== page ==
10 moments that changed the course of the war at sea

From the Washington Naval Treaty to the end of the Second World War.
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neil hilton
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Re: 10 moments that changed the course of the war at sea

Post by neil hilton » Fri Jun 25, 2010 9:47 am

I thought of those aspects myself (lack of shipping, troops being tied down in China) but to me it seems like to easy an answer.
Their were millions of Japanese troops in China, they weren't all fighting the Chinese. Surely some of the the army reserve could have been redployed, 50000 or 100000 or 200000 moved to the Phippines or Iwo Jima or even Guam. What about the Japanese troops in French Indo China or Korea.
From what I've read Japan started the war with 6000000 tons of shiping, they constructed about 6000000 tons and lost nearly 10000000 tons which left around 2000000 tons. Not enough to run their economy. Submarine blockades are not 100% efficient, they take a long time to have any economic effect, otherwise the war would have been 'over by Christmas'. Some ships always get through, so troops and supplies could have been transported.
These factors did have an effect but it was not the main reason IMO. I remember reading that the IJN and the IJA simply never really co-operated with each other, the IJN kept secret the disasters it had suffered in the Pacific from the IJA and even the government. I think this attitude was the real problem.
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Re: 10 moments that changed the course of the war at sea

Post by RF » Fri Jun 25, 2010 1:08 pm

Another factor you are not taking into account Neil were the chronic inefficiencies in the Japanese manufacturing industries and economy in general. It substantially undermined Japan's ability to prosecute a total war.

Specifically Japanese industry, compared with the United States, suffered from poor quality management of labour and materials, with the result not only of shortages but an inability to make the best use of what they had. Production methods tended to be labour intensive, chronically outdated, of poor quality, productivity bore no relation to that of either Britain or certainly the US. even the German armaments industry regulated by Speer was far more efficient than its Japanese counterparts. The Japanese had good engineers - but their social status, compared with the military officer corps, was worse than the street gutter.

After 1945 the US occupation of Japan included US engineers, both military and civil, taking a close look at Japan's heavy industries. They thought it was a laughing stock. Today Japan is an industrial giant, having learned from the US oocupation in adapting to US production methods. But in WW2 Japan was not an industrial giant, it bears closer resemblance to some of the developing third world economies today. And because they thought the Japanese were industrially useless, the Americans never took the opportunity of taking over Toyota, Honda, Suzuki etc. and saving themselves a lot of competition later on.....
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RF
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Re: 10 moments that changed the course of the war at sea

Post by RF » Fri Jun 25, 2010 1:15 pm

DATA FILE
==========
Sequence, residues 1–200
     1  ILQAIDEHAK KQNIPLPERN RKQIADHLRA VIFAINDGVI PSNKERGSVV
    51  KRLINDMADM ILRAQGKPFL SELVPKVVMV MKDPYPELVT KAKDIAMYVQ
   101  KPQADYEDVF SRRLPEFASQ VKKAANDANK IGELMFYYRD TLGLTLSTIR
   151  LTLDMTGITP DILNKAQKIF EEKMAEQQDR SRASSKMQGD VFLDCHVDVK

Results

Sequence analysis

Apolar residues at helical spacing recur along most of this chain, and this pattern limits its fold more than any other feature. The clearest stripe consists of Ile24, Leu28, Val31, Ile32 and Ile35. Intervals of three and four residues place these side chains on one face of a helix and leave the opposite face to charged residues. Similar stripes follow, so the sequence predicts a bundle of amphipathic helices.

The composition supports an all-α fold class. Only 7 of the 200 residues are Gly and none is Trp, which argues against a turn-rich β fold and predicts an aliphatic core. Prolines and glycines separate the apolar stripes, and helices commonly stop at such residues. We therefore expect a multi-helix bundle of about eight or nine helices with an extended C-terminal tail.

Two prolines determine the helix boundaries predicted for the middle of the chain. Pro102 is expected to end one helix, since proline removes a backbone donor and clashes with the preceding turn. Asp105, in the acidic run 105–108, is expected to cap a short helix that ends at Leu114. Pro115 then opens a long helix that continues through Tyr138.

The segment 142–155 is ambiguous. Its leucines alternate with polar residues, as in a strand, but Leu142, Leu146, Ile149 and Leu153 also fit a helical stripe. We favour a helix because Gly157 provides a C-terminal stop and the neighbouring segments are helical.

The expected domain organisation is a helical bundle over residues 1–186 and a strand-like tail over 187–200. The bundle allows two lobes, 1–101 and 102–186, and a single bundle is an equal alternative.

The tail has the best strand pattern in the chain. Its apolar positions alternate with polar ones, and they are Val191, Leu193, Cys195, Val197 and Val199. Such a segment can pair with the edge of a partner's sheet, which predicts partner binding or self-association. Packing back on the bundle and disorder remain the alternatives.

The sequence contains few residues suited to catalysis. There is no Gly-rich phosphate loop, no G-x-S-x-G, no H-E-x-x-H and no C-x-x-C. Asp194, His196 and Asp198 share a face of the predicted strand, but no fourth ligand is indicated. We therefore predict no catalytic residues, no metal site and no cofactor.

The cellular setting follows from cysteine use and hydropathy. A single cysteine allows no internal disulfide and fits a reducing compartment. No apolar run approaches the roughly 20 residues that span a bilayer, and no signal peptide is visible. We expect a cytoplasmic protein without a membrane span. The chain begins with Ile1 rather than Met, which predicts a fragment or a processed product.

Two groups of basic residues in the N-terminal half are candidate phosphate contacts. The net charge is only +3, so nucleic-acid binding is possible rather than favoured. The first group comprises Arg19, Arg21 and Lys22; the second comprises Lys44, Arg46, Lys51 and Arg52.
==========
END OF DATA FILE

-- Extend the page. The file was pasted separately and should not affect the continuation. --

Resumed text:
neil hilton wrote:
Their were millions of Japanese troops in China, they weren't all fighting the Chinese. Surely some of the the army reserve could have been redployed, 50000 or 100000 or 200000 moved to the Phippines or Iwo Jima or even Guam. What about the Japanese troops in French Indo China or Korea.
China is a vast, continent sized country, with an even vaster population. Occupying even the areas they did overrun the Japanese did literally need milions of troops for their occupation to function and fight both sets of Chinese forces (Kuomintang and communist); like Hitler in Russia, they took on an enemy that simply was too big for them. And that is before you consider the occupation of the French, Dutch and British colonies as well.
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Re: 10 moments that changed the course of the war at sea

Post by lwd » Fri Jun 25, 2010 4:31 pm

There was also the threat of a Soviet invasion. While it wasn't to significant in 42 by 44 it was very real and materialized in 45. Then there's the issue of did Japan really start out the war with enough shipping to take care of her conquests? From what I've read supplies were not in abundance anywhere on the periphery even 42 and 43 before they started loosing vast quantities of ships. Now you need to take some of the ships off line to move troops and then you need to use even more to keep those troops supplied. Then there's the impact of the fighting heating up. Even infantry start expending a lot of supplies when they are engaged in serious action.

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Re: 10 moments that changed the course of the war at sea

Post by RF » Fri Jun 25, 2010 5:11 pm

Lack of required logistics + inefficient economy + too many enemies + totally inadequate planning and leadership = why Japan could never have won WW2.
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Re: 10 moments that changed the course of the war at sea

Post by neil hilton » Thu Jul 01, 2010 10:56 am

Now that makes more sense to me, considering all the above mentioned factors.
By late 1944 the Japanese were forced to use junks and barges to transport troops and supplies, so transportation would be difficult but not impossible. The lack of co-operation between the IJA and IJN and the extensive commitments of the IJA in China probably resulted in only a trickle of troop re-deployment from China to the Pacific theatre.
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Re: 10 moments that changed the course of the war at sea

Post by Byron Angel » Thu Jul 01, 2010 12:08 pm

I agree that the Japanese held large numbers of veteran IJA troops on the Asian mainland, principally in China, but also in Burma which was a major theater of offensive operations as late as mid-1944. I suspect the reason why more IJA assets were not committed in the Pacific theater of operations was simply a matter of oceanic logistics. The Japanese experience on New Guinea is probably suggestive of the problems that they faced in maintaining large forces far from the homeland in locales lacking major conventional port facilities.

Another problem was the US tactic of simply by-passing Japanese-held island bastions and leaving their garrisons to wither on the vine. Rabaul and Truk were the most notable examples; Rabaul alone held a Japanese garrison of 100,000 men who were reduced from soldiers to ineffectual subsistence farmers in this manner. A number of other lesser islands suffered the same fate. While the Japanese were forced to defend against every credible potential threat along their vast seaward defensive perimeter, the Americans were able to select specific attack axes and targets and ignore all else.